For eLearning programs specifically, Marc Rosenberg recently wrote an insightful piece on “Testing Your eLearning Strategy” on Learning Solutions Magazine’s website. Marc points out eight questions that instructional designers can ask themselves to help determine whether or not their eLearning strategy is solid.
One of key points Marc makes is that strategy should put you ahead of trends. In an era where technology develops at a rapid pace, waiting until everyone else is on-board is simply too late. The key, Marc says, is to “jump in, get started, and prepare for continuous improvement.”
In other words, it’s important to remain flexible. That flexibility, however, must be balanced with commitment. He says trainers must remember to also balance expectations with resources and time.
If you run eLearning programs, check out Marc’s post, and run his eight-questions past your strategy. If you’re not confident in how your strategy stands up against his test, get started on revamping things. With a fresh year on the horizon, there’s no better time to start.
The image above may appear as an ambiguous geometric design at first. In this post, Steve Sugar explains how low-tech games (like the one pictured above) can lead to high-powered learning
Written by Steve Sugar- UMBC ISD adjunct faculty member, writer and teacher of low-tech learning games.
Low-tech fun can equate to high-powered learning. Successful low-tech training games are easy to describe. They’re simple in design and fun to play. A successful game can energize content and deliver powerful learning.
Games Promote Learning
Games introduce a playful environment and create a challenge between the topic and the participant. They also create opportunities for the learner to “interact” with the game questions or scenarios so as to demonstrate their understanding of the topic through information recall and experiential application.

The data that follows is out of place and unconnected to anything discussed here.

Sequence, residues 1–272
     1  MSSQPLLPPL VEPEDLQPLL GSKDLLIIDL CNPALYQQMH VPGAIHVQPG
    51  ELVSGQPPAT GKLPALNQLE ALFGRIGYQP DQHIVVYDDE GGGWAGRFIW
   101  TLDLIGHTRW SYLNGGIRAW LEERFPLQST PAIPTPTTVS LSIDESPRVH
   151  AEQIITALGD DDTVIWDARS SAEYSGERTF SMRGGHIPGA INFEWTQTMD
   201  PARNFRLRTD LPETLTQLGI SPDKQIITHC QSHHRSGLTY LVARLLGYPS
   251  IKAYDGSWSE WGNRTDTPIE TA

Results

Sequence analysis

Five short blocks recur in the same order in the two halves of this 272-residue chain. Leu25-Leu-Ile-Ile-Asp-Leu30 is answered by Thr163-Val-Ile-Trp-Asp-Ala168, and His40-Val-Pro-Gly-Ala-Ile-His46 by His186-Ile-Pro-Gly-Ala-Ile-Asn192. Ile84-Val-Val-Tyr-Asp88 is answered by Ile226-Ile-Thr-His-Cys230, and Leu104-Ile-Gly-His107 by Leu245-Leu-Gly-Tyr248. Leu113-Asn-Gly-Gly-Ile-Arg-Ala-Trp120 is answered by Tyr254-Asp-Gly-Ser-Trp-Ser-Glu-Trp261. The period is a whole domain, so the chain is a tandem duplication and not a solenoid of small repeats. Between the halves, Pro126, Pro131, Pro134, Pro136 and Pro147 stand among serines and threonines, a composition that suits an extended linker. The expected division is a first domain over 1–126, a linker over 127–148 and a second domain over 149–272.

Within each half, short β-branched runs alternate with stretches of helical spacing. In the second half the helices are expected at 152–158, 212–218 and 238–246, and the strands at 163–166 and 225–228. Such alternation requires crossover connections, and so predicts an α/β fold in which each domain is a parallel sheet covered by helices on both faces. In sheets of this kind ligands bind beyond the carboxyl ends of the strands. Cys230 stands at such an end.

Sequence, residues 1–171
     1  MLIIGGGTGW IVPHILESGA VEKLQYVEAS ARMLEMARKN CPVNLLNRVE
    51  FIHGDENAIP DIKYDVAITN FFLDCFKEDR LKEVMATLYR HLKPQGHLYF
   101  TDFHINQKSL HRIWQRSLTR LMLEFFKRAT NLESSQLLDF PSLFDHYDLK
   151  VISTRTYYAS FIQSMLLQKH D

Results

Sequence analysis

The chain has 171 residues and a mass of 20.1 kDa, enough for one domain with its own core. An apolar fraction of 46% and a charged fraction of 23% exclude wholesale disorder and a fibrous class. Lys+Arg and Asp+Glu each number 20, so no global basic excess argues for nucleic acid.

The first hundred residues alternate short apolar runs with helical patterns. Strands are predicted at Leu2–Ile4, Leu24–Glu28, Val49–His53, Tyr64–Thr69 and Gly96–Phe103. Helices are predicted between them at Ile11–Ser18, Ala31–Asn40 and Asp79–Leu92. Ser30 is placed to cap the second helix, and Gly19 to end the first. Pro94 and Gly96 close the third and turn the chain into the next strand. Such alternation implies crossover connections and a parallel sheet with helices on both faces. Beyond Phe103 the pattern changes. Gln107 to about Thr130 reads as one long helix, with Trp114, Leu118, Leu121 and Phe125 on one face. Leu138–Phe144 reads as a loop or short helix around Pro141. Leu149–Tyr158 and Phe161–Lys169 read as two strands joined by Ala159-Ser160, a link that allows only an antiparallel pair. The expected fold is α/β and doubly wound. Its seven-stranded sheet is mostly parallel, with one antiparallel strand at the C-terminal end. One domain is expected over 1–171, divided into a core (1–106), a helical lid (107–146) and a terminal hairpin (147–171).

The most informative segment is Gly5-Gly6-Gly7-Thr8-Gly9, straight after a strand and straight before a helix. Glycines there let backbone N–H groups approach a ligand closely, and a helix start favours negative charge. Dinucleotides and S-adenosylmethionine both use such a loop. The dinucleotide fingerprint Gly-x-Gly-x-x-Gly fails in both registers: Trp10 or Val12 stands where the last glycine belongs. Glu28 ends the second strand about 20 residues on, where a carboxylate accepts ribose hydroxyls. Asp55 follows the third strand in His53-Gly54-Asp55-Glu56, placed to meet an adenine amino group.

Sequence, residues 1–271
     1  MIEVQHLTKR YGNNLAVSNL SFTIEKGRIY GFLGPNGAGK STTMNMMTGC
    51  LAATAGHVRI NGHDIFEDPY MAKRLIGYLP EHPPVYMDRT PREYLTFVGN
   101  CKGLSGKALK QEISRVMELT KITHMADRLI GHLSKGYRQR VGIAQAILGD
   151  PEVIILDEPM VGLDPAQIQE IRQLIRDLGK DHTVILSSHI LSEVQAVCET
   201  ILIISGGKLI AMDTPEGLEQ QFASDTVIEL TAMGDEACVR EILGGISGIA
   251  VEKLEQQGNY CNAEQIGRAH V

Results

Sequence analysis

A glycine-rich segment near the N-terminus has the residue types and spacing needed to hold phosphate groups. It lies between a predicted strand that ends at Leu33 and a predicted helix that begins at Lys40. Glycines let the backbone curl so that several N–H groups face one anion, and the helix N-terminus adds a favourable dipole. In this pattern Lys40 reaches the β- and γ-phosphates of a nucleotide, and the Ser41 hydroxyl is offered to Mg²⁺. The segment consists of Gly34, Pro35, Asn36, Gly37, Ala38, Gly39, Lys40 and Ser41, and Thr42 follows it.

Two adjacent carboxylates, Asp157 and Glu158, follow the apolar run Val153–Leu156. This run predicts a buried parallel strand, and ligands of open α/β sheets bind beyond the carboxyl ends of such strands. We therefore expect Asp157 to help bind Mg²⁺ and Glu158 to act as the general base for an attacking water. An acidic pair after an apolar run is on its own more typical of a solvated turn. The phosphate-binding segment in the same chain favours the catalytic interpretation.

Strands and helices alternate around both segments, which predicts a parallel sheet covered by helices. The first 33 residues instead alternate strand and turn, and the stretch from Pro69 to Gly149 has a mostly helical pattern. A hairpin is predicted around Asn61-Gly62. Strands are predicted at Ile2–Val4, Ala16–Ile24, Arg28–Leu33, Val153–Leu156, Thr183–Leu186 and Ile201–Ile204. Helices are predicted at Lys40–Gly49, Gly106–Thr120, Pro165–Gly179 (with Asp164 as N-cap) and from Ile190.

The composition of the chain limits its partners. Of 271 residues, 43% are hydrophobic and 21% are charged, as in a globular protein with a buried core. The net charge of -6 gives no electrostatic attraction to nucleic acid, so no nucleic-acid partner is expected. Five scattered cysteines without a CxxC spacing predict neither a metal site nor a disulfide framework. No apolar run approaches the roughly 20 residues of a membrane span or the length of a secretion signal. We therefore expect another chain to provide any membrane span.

Low-Tech Games are Fun with a Purpose
Low-tech training games create a cognitive interaction between the learner and the topic in a buoyant, challenging environment. Games celebrate your topic and reward individual and group achievement. With a focus on learning, low-tech games allow learners to connect their own dots and experience their own ideas — bringing a joy of discovery into the learning process.
QUIZO – An Example of an Interactive Game
Quizo is a question-and-answer game similar to bingo that gets people interacting. Here’s how it works:
The instructor distributes one bingo-style gamesheet to each team and announces the game objective: “win by covering five spaces in a row.”
The instructor presents the first question – “It’s a good policy to pay higher commission for a new customer than for the retention of a present customer. True or False?“
The team selects their response – The team discusses the question, and by doing so, players experience the content and theory of the topic by inventorying what is known and unknown about the topic. They develop a common, shared understanding of available information. Their response demonstrates their ability to develop criteria for selecting an answer and committing to a course of action. The team responds: “False.”
The instructor presents the correct response – “False,” and shares that “this policy sometimes reduces the motivation to service or sales people to keep providing quality service to current customers.”
The instructor awards a game sheet space – The instructor announces that the students cover the gamesheet space “Q-4.” The awarding of the game sheet space provides real-time feedback on whether the team is moving closer to or away from stated goals or objective.
The game is played in this fashion until one team scores five in a row.